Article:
In the early stages of Canada’s engagement in Afghanistan, the Canadian Forces transferred Afghan detainees to U.S. authorities and, while on joint operations supporting capacity building of the ANSF, to Afghan authorities. Since the December 2005 Canada-Afghanistan Arrangement for the Transfer of Detainees was signed, all Canadian Forces detainees have been transferred to Afghan authorities pursuant to specific modalities set out therein. The Government of Afghanistan has primary responsibility for ensuring that the rights of those transferred into its custody are respected.

Recognition of the Afghan government’s sovereign responsibility for all issues related to the rule of law and justice in its territory underpins the formal arrangement of 18 December 2005. This established procedures for the transfer of detainees to Afghan authorities. Canada does not operate permanent detention facilities in Afghanistan.

In addition to setting the framework for transfers, this arrangement reinforced the commitments of both parties to treat detainees humanely and in accordance with the standards of the Third Geneva Convention. This arrangement also specifically prohibits the application of the death penalty to any Canadian-transferred detainee.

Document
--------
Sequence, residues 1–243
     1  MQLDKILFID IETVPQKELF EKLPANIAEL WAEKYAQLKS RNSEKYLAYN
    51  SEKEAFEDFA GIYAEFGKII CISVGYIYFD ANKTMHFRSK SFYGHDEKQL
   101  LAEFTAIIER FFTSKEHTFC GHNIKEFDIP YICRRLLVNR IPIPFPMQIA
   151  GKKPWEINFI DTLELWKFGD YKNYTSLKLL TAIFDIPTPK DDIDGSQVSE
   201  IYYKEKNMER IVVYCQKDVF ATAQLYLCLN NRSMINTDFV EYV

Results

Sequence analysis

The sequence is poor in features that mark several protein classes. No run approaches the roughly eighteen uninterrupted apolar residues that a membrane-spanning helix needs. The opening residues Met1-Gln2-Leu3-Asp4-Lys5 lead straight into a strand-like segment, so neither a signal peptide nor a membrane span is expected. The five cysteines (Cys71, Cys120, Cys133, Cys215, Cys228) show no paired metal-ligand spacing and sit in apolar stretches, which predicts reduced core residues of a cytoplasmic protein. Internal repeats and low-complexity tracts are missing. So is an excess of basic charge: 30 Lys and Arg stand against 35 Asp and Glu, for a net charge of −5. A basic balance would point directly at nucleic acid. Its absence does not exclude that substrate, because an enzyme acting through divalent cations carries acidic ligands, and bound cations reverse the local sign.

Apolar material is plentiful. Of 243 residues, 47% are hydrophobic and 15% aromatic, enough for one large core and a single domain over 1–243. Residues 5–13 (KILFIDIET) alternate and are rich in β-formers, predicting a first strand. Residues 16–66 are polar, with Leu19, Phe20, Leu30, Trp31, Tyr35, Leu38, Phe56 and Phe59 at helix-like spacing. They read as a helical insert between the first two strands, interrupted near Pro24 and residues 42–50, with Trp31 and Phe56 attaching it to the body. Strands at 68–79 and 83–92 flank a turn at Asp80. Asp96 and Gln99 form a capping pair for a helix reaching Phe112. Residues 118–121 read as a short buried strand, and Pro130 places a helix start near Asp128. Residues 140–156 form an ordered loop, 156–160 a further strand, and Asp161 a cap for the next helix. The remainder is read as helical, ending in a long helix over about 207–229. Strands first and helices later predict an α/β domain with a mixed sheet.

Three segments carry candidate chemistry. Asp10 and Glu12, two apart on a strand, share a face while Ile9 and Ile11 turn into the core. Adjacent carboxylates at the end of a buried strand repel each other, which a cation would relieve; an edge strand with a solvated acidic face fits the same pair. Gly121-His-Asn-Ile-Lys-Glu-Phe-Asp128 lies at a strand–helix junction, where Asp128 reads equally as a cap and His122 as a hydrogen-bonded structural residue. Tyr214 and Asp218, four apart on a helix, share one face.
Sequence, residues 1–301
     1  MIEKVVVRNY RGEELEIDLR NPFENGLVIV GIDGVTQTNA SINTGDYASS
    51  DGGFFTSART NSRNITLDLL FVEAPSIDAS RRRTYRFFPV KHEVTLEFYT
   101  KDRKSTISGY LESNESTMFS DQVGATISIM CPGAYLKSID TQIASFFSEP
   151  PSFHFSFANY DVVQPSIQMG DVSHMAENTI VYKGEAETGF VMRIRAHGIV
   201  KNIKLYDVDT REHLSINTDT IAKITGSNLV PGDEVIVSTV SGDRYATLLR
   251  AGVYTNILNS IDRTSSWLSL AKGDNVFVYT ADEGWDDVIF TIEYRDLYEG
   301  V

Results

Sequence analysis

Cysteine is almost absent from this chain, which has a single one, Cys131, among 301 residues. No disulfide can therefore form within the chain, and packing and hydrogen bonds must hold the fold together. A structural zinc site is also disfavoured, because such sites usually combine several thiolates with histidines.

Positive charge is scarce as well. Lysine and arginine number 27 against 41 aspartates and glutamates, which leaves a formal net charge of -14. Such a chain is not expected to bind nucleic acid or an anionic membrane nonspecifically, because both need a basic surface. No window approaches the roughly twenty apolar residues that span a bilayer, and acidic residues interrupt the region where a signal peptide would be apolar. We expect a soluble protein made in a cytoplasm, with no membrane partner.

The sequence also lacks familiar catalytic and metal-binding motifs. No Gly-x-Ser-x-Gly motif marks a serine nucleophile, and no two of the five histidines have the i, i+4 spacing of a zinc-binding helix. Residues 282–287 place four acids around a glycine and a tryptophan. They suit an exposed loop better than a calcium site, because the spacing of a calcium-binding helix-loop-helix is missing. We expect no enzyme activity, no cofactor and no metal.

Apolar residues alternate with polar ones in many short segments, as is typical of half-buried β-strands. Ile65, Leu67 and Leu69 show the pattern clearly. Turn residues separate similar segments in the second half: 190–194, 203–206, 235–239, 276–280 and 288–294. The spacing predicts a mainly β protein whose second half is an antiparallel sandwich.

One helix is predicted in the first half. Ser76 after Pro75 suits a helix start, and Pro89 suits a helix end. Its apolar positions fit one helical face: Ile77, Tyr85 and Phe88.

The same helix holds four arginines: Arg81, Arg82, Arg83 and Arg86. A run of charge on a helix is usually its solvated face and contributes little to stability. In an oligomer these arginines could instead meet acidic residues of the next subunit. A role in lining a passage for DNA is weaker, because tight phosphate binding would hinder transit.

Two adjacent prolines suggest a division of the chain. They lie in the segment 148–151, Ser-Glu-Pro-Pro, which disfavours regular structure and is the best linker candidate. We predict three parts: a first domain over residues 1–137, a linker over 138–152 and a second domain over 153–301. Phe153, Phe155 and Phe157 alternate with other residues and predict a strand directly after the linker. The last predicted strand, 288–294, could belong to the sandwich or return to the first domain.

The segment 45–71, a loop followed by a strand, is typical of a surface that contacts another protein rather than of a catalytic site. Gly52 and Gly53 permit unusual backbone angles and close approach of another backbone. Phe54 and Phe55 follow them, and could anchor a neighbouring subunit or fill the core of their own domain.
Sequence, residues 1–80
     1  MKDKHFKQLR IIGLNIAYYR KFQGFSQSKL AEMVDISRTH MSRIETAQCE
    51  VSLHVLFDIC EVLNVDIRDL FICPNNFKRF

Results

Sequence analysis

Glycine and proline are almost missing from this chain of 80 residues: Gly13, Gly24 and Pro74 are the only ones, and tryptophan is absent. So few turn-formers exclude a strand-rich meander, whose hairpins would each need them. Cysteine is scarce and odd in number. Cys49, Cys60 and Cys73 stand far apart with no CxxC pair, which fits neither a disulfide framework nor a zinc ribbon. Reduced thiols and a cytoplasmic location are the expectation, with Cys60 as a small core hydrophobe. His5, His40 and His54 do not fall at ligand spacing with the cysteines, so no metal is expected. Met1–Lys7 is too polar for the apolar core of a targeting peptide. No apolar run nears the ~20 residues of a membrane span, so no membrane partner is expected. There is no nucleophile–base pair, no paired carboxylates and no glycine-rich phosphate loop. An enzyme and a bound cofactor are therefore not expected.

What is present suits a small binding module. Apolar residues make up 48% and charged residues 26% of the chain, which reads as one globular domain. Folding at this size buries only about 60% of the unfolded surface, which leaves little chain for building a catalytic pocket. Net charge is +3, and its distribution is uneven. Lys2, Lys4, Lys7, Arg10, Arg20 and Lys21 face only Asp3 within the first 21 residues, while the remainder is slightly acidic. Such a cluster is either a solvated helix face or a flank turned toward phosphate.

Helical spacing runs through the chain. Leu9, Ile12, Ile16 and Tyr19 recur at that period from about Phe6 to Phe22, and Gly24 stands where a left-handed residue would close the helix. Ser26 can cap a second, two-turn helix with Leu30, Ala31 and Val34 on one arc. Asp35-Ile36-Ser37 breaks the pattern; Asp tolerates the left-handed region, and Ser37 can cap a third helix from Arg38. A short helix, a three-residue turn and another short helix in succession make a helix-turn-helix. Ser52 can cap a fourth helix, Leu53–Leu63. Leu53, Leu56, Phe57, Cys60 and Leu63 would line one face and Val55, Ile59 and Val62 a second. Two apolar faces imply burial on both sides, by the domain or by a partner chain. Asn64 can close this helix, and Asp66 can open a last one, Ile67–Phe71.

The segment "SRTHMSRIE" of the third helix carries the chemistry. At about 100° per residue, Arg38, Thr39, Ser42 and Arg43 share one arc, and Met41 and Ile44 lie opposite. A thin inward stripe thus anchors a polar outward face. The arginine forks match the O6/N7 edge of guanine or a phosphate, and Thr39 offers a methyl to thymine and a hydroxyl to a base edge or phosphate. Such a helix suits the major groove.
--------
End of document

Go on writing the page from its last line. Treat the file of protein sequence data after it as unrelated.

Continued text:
On 3 May 2007, Canada signed a Supplementary Arrangement which clarified Canada’s expectations and the Government of Afghanistan’s responsibilities. Importantly, this supplementary arrangement provides Canadian officials with unrestricted and private access to Canadian transferred detainees, and commits Afghan authorities to notify us when a detainee is transferred, sentenced or released, or his status changes in any way. Canada retains the right to refuse transfer to a third party. In the case of allegations of mistreatment, the Afghan Government committed through this Arrangement to investigate and, when appropriate, bring to justice suspected offenders in accordance with Afghan law and applicable international legal standards.

Civilian Government of Canada officials monitor the treatment of Canadian-transferred detainees in Afghan detention facilities up to the point where detainees are sentenced by Afghan authorities, or are released from custody.

Detention Procedures

Detainees are individuals captured by the Canadian Forces in the course of military operations who pose a threat to Canadians, Allies or Afghans – individuals who have either attacked or killed Canadian soldiers and officials, Afghan citizens or our international partners, or in respect of whom there is credible information to suggest that they present a threat.